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Keweenawan Native Copper - Calumet-Hecla, Quincy, Atlantic, Kingston

Michigan, USA

Main commodities: Cu
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The Portage Lake Lava Series on the Keweenawan Peninsula of Michigan, USA have yielded significant historical native copper production.

For details of the regional stratigraphy and geologic setting of the Portage Lake Lava Series see the   White Pine   record.

Between 1845 and 1968 some 5 million tonnes of refined Cu was extracted from a series of native copper mines distributed along restricted horizons from a 45 km long belt within the Portage Lake Lava Series. The largest of these mines was the Calumet-Hecla which produced 73 Mt of ore averaging 2.64% Cu from zones that were <1 to 12m thick. The larger producing units in the area included the Kearsage Amygdaloid (90 Mt @ 1.05% Cu), the Baltic Amygdaloid group (56 Mt @ 1.5% Cu), the Bewabic Amygdaloid group, mainly from the Quincy Mine (39 Mt @ 1.26% Cu), the Osceola Amygdaloid (28 Mt @ 0.93% Cu), the Isle Royale Amygdaloid (17 Mt @ 0.9% Cu), the Ashbed Amygdaloid mainly from the Atlantic Mine (10 Mt @ 0.66% Cu) and the Evergreen series (5 Mt @ 0.75% Cu).

The native copper in these deposits was present in three forms, namely in, amygdaloids and flow tops; in interflow sediments; and in fractures. Approximately 59% of the production was from flow tops, 39% from sediments (principally conglomerates) and only about 2% from fractures or fissures. The age of this mineralisation has been dated at 1060 Ma, slightly younger than the host rock.

Most of the major amygdaloidal flow top native copper orebodies are of a fragmental type consisting of rubble or vesicular massive lava (with 5 to 50% vesicles). The amygdules decrease down into the massive lava. Interstices in the fragmental and amygdules are filled with secondary minerals. In some cases the vesicles are connected in bands in the flow tops as at the Quincy mine.

The largest deposits such as Calumet-Hecla and Kingston are in conglomerates. The morphology, thickness and grain size of these conglomerates is variable, depending on the original topography, distribution of channels, palaeohighs etc., within the underlying volcanic terrain.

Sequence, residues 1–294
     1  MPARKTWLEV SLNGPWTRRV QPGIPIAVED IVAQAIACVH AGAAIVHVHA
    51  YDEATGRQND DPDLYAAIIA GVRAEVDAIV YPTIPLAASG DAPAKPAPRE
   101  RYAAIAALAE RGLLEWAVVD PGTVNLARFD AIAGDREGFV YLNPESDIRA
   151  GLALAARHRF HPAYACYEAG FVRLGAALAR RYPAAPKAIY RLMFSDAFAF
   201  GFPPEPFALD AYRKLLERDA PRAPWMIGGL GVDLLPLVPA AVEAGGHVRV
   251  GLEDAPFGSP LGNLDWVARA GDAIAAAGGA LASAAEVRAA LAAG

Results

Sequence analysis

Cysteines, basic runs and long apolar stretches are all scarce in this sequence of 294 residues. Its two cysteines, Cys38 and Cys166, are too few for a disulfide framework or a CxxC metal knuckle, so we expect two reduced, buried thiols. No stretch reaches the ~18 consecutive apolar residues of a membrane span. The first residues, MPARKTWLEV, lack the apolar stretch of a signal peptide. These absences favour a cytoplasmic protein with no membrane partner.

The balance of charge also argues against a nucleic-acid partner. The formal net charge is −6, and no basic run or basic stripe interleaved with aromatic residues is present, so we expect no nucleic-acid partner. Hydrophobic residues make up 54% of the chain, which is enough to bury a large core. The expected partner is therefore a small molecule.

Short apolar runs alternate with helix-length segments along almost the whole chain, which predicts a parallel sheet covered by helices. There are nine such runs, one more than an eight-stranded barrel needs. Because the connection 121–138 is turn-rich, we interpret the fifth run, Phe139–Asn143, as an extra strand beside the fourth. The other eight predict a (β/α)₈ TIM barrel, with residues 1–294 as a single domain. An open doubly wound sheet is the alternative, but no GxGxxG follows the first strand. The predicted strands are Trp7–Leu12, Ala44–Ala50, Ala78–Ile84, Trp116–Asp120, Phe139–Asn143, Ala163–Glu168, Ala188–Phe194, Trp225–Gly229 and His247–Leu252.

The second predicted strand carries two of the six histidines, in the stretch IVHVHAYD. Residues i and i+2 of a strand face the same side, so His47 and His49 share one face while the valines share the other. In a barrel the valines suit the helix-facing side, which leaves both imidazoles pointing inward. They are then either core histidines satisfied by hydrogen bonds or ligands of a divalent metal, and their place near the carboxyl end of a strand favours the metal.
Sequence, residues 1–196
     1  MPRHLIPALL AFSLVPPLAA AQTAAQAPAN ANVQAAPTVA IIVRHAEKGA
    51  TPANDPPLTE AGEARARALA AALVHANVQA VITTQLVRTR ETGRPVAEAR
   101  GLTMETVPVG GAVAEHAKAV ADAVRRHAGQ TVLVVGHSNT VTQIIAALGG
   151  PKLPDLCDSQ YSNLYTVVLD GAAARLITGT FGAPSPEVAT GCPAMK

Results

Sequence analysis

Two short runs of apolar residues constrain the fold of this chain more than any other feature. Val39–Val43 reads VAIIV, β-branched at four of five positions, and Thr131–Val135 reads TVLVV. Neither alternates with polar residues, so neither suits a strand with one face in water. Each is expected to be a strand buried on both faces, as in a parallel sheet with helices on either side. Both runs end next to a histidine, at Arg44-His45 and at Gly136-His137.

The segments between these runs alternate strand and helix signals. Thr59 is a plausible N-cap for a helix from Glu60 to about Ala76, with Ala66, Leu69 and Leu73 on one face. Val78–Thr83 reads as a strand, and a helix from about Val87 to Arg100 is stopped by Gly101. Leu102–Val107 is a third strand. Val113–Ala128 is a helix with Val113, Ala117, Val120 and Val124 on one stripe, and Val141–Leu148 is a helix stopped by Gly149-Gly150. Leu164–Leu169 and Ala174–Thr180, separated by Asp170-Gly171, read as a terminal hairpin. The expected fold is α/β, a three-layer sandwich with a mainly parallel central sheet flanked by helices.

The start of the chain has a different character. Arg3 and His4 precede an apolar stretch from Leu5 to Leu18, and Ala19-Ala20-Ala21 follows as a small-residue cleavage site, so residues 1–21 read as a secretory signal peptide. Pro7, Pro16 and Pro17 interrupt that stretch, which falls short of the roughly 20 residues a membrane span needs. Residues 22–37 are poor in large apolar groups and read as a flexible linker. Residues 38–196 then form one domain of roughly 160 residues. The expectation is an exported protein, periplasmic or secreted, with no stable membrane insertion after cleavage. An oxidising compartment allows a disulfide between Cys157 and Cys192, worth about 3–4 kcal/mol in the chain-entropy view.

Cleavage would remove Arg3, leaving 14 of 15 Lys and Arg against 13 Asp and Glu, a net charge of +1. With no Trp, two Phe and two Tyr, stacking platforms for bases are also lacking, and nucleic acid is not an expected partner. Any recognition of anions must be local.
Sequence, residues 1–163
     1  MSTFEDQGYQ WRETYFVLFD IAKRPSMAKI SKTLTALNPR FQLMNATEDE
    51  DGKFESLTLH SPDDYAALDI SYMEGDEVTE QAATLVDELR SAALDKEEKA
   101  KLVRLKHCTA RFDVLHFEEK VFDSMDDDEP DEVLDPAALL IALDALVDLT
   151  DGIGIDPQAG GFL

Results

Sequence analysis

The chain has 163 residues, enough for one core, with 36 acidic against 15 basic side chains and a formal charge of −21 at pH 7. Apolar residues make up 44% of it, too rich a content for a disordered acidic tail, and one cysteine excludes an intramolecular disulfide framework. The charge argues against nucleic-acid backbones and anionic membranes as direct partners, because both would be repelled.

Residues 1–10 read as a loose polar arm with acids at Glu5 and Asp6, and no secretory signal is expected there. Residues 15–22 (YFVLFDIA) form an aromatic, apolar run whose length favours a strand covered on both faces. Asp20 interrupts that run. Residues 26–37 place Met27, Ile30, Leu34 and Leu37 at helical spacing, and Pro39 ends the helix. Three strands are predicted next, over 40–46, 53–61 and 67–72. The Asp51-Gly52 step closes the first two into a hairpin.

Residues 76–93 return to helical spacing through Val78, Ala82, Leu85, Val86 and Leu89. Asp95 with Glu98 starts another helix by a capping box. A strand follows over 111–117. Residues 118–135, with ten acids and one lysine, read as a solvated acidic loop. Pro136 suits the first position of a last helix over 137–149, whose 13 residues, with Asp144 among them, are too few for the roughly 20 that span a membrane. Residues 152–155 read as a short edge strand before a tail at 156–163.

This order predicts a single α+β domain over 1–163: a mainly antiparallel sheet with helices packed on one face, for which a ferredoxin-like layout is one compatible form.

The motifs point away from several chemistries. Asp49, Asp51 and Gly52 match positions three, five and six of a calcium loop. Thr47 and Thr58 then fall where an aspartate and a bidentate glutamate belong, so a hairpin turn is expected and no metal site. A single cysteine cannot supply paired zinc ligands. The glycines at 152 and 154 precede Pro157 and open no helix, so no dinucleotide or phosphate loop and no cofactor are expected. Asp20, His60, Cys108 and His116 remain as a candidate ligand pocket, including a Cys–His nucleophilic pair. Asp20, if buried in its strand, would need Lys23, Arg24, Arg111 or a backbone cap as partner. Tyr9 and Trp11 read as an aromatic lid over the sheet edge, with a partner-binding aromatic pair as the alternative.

For detail consult the reference(s) listed below.

The most recent source geological information used to prepare this summary was dated: 1997.    
This description is a summary from published sources, the chief of which are listed below.
© Copyright Porter GeoConsultancy Pty Ltd.   Unauthorised copying, reproduction, storage or dissemination prohibited.


  References & Additional Information
   Selected References:
Bornhorst, T J, Paces J B, Grant N K, Obradovich J D, Huber N K  1988 - Age of native Copper mineralization, Keweenaw Peninsula, Michigan: in    Econ. Geol.   v83 pp 619-625
Brown A C,  2006 - Genesis of native copper lodes in the Keweenaw District, northern Michigan: a hybrid evolved meteoric and metamophogenic model: in    Econ. Geol.   v101 pp 1437-1444
Brown AC,  2008 - District-scale concentration of native copper lodes from a tectonically induced thermal plume of ore fluids on the Keweenaw Peninsula, northern Michigan: in    Econ. Geol.   v103 pp 1691-1694


Porter GeoConsultancy Pty Ltd (PorterGeo) provides access to this database at no charge.   It is largely based on scientific papers and reports in the public domain, and was current when the sources consulted were published.   While PorterGeo endeavour to ensure the information was accurate at the time of compilation and subsequent updating, PorterGeo takes no responsibility what-so-ever for inaccurate or out of date data, information or interpretations.

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